5. Adding new Examples 2, 3, and 4 to paragraph (g).
0
6. Revising newly re-designated Example 5 of paragraph (g).
0
7. Adding a new sentence to the end of paragraph (i).
    The revisions and additions read as follows:


Sec.  1.937-1  Bona fide residency in a possession.

* * * * *
    (c) * * *
    (3) * * *
    (i) * * *
    (B) Any day that an individual is outside of the relevant 
possession to receive, or to accompany on a full-time basis a parent, 
spouse, or child (as defined in section 152(f)(1)) who is receiving, 
qualifying medical treatment as defined in paragraph (c)(4) of this 
section;
    (C) * * *
    (1) * * *
    (2) Period for which a mandatory evacuation order is in effect for 
the geographic area in the relevant possession in which the 
individual's place of abode is located; and
    (D) Any day not described in paragraph (c)(3)(i)(B) or (C) of this 
section that an individual is outside of the United States and the 
relevant possession, except that an individual will not be considered 
present in the relevant possession under this paragraph (c)(3)(i)(D) 
for more than 30 days during the taxable year, and this paragraph 
(c)(3)(i)(D) does not apply for purposes of calculating the required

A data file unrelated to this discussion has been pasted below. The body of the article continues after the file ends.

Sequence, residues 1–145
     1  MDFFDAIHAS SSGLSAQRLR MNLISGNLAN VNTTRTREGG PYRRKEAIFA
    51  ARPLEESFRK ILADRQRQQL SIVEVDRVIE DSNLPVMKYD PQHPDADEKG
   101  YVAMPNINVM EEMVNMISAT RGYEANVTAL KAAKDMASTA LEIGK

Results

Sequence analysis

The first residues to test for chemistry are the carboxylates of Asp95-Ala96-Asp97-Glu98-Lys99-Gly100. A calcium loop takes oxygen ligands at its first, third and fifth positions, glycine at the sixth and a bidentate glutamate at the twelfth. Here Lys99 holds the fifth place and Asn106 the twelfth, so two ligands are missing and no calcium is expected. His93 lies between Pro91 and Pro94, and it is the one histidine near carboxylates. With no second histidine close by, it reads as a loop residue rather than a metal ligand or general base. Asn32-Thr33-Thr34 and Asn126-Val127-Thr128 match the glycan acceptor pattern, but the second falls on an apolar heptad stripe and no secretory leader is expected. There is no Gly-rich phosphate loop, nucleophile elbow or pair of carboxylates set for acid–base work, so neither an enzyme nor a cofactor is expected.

minimum 60 days of presence in the relevant possession under paragraph 
(c)(1)(ii) of this section. Furthermore, this paragraph (c)(3)(i)(D) 
applies only if the number of days that the individual is considered to 
be present in the relevant possession during the taxable year, 
determined without regard to this paragraph (c)(3)(i)(D), exceeds the 
number of days that the individual is considered to be present in the 
United States during the taxable year.
* * * * *
    (g) * * *

    Example 1. Presence test. H, a U.S. citizen, is engaged in a 
profession that requires frequent travel. In each of the years 2016 
and 2017, H spends 195 days in Possession N and the balance of the 
year in the United States. In 2018, H spends 160 days in Possession 
N and the balance of the year in the United States. Thus, H spends a 
total of 550 days in Possession N for the three-year period 
consisting of years 2016, 2017, and 2018. Under paragraph (c)(1)(ii) 
of this section, H satisfies the presence test of paragraph (c) of 
this section with respect to Possession N for taxable year 2018 
because H is present in Possession N for more than the required 549